Add to this is that to-date there has been no budget oversight federal agency, Senator, or Representative, that has expressed any concern over OIE’s practices. Note, however, that if a Tribe fails to dot an “i” or cross a “t” in it’s budget, a large federal hammer immediately falls.
That the Office of Indian Education continues it’s policy of diverting funds to schools that do not meet Title VII requirements is exemplified by the Lamar School District in Johnson County, AR. The 2005 demographics for the Johnson County American Indian/Alaskan Native population pretty well matches the rest of the State at around 0.7%. Both the State of Arkansas and NCES give the American Indian/Alaskan Native population for the school district as less than 1%. Lamar School District has 3 schools with a total student population of around 1,111.
Of that 1,111, Lamar is claiming 203 students as American Indian. The majority, 185, are listed as generic “Cherokee”, the others include (the school district’s spelling, not mine) “Sacks and foxes”, “Chickeshaw”, and “Chocktaw”. If the disparity in the claimed student American Indian population and the general population percentage is not a dead giveaway that something is amiss, the inability to properly spell the supposed tribal affiliations should at least give a hint.
In addition, the 2007-2008 Lamar Title VII grant application is primarily for student improvement in mathematics. Yet, the 2006 End of Course Math scores for Lamar students being at or above proficiency level are constantly higher than the rest of the State. Algebra I scores are at 72%, State average is 65%; Geometry scores are at 63%, State average is 60%, and Grade 8 Math scores are at 58%, whereas State average is 44%. One would think that OIE would have noticed this.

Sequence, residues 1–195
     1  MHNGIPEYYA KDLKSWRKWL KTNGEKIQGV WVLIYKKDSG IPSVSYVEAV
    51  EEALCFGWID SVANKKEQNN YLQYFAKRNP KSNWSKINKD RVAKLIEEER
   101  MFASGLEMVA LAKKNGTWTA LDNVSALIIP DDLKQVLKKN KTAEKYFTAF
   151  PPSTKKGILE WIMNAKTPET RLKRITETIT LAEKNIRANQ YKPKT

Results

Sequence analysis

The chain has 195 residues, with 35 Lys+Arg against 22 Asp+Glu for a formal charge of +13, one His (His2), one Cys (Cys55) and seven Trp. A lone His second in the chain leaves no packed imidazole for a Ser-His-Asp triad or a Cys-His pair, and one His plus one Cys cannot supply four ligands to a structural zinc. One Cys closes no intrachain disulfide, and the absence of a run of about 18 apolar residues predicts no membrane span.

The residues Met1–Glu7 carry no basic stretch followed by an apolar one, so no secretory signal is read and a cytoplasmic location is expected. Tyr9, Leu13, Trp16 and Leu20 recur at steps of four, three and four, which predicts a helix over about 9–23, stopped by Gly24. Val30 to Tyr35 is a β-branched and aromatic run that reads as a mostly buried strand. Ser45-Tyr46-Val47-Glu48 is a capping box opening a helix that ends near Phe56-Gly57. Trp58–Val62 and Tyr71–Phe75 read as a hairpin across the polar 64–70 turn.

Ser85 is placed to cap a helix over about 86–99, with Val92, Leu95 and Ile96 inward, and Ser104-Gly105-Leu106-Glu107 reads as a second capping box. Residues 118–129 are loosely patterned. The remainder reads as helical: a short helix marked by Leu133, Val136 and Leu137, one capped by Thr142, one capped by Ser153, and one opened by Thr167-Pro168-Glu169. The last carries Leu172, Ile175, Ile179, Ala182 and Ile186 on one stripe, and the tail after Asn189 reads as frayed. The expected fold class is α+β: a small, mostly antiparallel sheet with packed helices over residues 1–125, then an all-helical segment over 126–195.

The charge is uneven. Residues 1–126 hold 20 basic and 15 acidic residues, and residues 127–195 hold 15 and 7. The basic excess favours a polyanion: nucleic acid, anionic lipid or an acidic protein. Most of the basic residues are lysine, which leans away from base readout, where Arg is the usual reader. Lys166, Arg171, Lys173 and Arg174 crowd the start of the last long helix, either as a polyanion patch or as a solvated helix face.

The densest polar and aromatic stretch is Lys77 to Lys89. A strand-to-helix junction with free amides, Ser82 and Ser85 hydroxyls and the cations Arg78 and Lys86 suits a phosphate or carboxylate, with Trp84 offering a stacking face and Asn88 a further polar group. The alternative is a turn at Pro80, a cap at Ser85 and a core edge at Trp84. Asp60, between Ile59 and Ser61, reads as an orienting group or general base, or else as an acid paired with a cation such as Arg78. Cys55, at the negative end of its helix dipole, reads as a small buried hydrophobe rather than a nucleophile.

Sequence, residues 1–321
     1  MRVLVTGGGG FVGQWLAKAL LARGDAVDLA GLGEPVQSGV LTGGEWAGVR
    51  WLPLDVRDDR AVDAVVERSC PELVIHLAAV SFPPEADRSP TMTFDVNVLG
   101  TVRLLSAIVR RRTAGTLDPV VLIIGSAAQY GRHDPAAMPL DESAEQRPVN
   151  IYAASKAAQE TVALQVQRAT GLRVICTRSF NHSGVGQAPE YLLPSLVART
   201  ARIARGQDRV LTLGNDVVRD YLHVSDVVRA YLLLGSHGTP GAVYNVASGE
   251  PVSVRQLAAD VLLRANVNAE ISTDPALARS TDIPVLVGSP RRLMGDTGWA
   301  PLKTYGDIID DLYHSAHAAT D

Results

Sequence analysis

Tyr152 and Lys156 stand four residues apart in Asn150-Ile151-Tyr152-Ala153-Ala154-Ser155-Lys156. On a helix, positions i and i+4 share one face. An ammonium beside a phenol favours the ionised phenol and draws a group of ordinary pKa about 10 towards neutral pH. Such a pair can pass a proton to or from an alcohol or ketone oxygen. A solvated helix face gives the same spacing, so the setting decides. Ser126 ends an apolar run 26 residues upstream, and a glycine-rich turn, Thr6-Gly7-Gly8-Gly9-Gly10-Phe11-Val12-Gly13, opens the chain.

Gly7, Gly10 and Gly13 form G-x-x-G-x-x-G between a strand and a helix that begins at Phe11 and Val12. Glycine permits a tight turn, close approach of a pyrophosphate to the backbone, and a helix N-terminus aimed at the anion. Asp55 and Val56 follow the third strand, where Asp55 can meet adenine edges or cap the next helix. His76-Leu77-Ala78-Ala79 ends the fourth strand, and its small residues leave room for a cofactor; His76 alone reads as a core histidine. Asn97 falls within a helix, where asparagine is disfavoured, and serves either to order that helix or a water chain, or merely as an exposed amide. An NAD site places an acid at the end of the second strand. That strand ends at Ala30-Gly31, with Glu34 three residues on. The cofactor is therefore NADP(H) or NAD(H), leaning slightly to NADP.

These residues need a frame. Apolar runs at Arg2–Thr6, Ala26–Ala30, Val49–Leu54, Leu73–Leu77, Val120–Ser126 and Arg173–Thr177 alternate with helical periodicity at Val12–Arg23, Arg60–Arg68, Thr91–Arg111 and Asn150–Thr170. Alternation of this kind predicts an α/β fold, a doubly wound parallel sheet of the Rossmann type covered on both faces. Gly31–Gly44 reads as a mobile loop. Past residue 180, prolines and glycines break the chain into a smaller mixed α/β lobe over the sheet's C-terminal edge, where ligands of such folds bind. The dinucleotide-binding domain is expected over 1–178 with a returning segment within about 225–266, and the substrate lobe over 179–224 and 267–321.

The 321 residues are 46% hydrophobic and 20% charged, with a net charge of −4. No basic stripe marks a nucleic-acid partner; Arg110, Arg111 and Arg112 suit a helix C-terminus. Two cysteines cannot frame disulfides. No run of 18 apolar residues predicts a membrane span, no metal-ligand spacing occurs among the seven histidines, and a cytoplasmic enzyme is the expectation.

Lamar is not the only school district in Johnson County that has claimed a large American Indian student enrollment that is out of kilter with the rest of the county’s population demographics. Westside School District has also been the beneficiary of OIE’s mismanagement. It claimed that their large American Indian student enrollment were members of the “Lost Cherokee”, the same group that is behind these grant applications. Westside has the dubious distinction of being one of four school districts receiving OIE grants that were placed on probation by the State of Arkansas for failing to meet academic standards. Even for non-Indian students, one would have to question how the money was spent.
Before we excuse the U.S. Department of Education for the excesses committed by it’s child, the Office of Indian Education, DOE itself has doled out money to the tune of almost three-quarters of a million dollars to the same group behind the OIE grants. This money went to the Lost Cherokee of Arkansas and Missouri to establish a parent-student center in Jonesboro, Arkansas - a community with a 0.3% American Indian/Alaskan Native population.
Any diversion of OIE grants from the intended purpose is damaging to the education of American Indian and Alaskan Native children. In today’s budget crunch, both the DOE and the OIE have a fiduciary and moral responsibility to ensure that each grant is provided for the legitimate purpose that the grants were designed for - and that only legitimate recipients are involved.
How the DOE and OIE spend the over one million dollars set aside each year for the next several years for Indian education in Arkansas will be most interesting. A concerning voice from the Indian community about the mismanagement of Title VII funds appears to have no effect. In October 2006 the National Indian Education Association, the oldest and largest Indian education organization, passed a resolution that addressed the OIE problem. Since the DOE and OIE continue on the path they have chosen, it’s clear that they consider input from American Indians as nothing more than a nuisance to be ignored.
However, the mismanagement by OIE with Indian funds is not the only dismal aspect of the agency. It has established a history of discrimination against schools serving Indian students, while apparently giving a free ride to the schools without Indian students that it funds.
That is another story.